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» 06/13/2012
PAKISTAN
Children divided between school and work vs politicians' indifference
by Joseph Laldin
AsiaNews tells the story of two Muslim brothers, who are at school with their books in the morning, and sells toys and trinkets in the afternoon. Both the government and politicians are criticised for showing little interest in street kids' welfare. Despite their hardships, the boys are studying and building a better future.

Lahore (AsiaNews) - "We have no hopes with present legislators and policy-makers", said Master Muzafar Hussain and Master Qaiser Mehmood, respectively 14 and 12. "We live on our own. The leaders are least bothered about the street-children's welfare," the two brothers told AsiaNews.

Despite hardships and deprivations, the two have not lost hope for a brighter future. In the morning, they go to school, and in the afternoon, instead of playing or doing homework, they go into streets to sell electronic gadgets and toys "Because our father does not earn enough for the family." Conscious of the situation, "We have to give up our leisure time and economically help our parents."

As civil society celebrated World Day against Child Labour, the two boys went through the same routine of work, dedication and sacrifice yesterday.

Child exploitation in agriculture was the theme of the tenth edition of the event sponsored by the International Labour Organisation (ILO). In farming, about 70 per cent of the workforce is under the age of 18.

According to SPARC, a Pakistan child rights NGO, child labour is widespread in many sectors of society, "from light jobs to hazardous tasks." Recent estimates "indicate that around 11-12 million children are employed as child labourers, half of them under the age of ten."

In the morning, Hussain and Mehmood attend grade 9 and 6 class at a public school in Lahore. Once they put away their books, they head out to sell toys, balloons and electronic accessories until 9 PM.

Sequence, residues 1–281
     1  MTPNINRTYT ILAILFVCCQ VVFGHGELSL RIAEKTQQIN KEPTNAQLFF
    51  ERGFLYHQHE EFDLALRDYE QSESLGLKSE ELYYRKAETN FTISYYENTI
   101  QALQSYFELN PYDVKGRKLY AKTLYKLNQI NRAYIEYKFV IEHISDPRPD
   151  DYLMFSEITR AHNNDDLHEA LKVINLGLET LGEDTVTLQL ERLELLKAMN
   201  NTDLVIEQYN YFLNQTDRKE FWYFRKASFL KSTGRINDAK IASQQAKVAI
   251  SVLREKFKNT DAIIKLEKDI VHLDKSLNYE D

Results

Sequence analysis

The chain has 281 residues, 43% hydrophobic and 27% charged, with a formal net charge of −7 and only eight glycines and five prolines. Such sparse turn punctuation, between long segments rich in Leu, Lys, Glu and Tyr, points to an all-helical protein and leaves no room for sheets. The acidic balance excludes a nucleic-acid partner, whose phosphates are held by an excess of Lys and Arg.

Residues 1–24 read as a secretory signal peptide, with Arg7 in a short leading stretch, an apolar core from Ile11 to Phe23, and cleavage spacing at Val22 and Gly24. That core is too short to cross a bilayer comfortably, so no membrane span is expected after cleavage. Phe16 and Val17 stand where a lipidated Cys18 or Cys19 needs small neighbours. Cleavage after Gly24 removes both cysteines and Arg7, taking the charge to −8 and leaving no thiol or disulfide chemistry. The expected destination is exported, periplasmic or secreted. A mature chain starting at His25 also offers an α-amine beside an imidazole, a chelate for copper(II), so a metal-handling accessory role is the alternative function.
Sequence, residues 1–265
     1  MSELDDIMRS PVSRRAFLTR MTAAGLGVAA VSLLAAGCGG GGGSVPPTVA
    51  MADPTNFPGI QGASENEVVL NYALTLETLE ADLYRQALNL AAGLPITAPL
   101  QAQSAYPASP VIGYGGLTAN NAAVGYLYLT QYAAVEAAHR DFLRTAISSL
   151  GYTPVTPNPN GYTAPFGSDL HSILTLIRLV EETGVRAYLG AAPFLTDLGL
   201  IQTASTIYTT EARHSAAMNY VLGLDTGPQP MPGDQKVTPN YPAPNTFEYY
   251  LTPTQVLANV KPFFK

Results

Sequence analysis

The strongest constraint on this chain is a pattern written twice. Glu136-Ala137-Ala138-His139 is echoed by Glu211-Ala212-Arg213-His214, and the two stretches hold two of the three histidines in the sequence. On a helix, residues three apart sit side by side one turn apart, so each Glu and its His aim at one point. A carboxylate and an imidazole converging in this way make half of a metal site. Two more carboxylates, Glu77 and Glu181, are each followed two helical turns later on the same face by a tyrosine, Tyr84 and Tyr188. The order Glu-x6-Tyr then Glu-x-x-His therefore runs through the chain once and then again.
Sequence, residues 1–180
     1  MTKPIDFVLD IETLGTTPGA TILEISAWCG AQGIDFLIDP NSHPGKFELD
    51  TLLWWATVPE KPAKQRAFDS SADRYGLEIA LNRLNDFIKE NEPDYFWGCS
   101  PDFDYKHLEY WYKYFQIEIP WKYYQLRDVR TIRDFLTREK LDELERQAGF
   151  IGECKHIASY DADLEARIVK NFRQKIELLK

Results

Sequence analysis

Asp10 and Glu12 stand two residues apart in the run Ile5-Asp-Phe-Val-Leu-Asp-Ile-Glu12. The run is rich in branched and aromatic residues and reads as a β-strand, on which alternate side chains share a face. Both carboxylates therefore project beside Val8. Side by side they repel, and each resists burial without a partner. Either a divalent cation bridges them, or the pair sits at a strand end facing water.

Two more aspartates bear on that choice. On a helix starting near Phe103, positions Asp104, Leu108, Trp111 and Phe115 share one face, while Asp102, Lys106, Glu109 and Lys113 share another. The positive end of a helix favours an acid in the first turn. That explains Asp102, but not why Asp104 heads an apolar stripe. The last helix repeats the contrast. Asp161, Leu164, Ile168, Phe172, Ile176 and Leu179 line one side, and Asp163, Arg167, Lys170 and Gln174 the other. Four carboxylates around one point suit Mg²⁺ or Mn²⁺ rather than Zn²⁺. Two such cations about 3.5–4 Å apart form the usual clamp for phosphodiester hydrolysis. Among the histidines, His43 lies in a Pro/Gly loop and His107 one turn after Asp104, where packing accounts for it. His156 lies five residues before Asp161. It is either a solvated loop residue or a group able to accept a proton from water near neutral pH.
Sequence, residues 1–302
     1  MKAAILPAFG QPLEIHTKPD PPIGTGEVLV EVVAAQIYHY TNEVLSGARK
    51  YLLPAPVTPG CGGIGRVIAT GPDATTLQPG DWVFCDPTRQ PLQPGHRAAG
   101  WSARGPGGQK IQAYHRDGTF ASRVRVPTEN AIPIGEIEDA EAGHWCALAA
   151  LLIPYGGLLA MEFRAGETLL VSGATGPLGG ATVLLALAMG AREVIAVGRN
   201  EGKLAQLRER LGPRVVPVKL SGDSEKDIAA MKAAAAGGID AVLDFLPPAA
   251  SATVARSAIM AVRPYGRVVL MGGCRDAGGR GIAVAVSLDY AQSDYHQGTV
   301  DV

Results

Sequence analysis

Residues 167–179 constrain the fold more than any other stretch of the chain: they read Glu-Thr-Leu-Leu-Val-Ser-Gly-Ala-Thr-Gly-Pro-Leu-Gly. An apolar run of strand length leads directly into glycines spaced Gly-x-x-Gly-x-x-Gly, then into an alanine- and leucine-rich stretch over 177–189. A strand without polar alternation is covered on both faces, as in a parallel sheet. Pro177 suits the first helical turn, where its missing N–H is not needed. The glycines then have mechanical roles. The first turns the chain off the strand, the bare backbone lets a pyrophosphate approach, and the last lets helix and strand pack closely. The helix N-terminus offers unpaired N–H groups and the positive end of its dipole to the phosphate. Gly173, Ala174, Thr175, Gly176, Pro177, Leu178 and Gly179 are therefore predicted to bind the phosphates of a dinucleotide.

When asked what they thought about the World Day against Child Labour, they said, "We do not know what it is." They do know however that by working, "our younger brothers can get a standard education."

Mehmood, the younger of the two, cannot hide his desire "to play with his schoolmates in the evening, but I cannot do it because my mother says: 'We need the money'."

The 12-year-old has no "specific demands" for the government, but he does hope that one day he can "travel by car, study in a standard school and spend times with friends."

In the future, he wants to become an engineer to leave behind his present hardships. His 14-year-old brother shares the same hopes. With a book in one hand and goods to sell in the other, he too walks the streets of the city.

"Sometimes, people discourage me and do not allow me to get close to their cars or kids," he said.

He feels hurt by people's hatred or contempt towards him because he is "poor and a labourer". He also feels "embarrassment" when some of his schoolmates see him working.

Suddenly, the boys' father Shair Muhammad shows up on his motorbike. He too sells toys he carries on his bike.

"I'm trying to educate my children the best I can," he told AsiaNews. "I'd like to give them a better education, but they have to work hard."

He is proud of them and their economic contribution to the family; he is also not shy to criticise the government for "its unsatisfactory progress and poor policies" for children.

For him, "It's because of poor governance and unequal distribution of resources in society."


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See also
06/12/2014 PAKISTAN

Faisalabad: Christian and Muslim activists united against child labour
by Shafique Khokhar
09/09/2004 ASIA
Child illiteracy and child labour are the continent's main social ills
06/19/2012 PAKISTAN
For the future of Pakistan, no more exploitation of children
by Joseph Laldin
06/13/2005 PAKISTAN
In Pakistan, three children were abused every day in 2004
by Qaiser Felix
06/11/2008 INDIA
Education and learning against child exploitation, says Lenin Raghuvanshi
by Nirmala Carvalho

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Dossier
by Giulio Aleni / (a cura di) Gianni Criveller
pp. 176
by Lazzarotto Angelo S.
pp. 528
by Bernardo Cervellera
pp. 240
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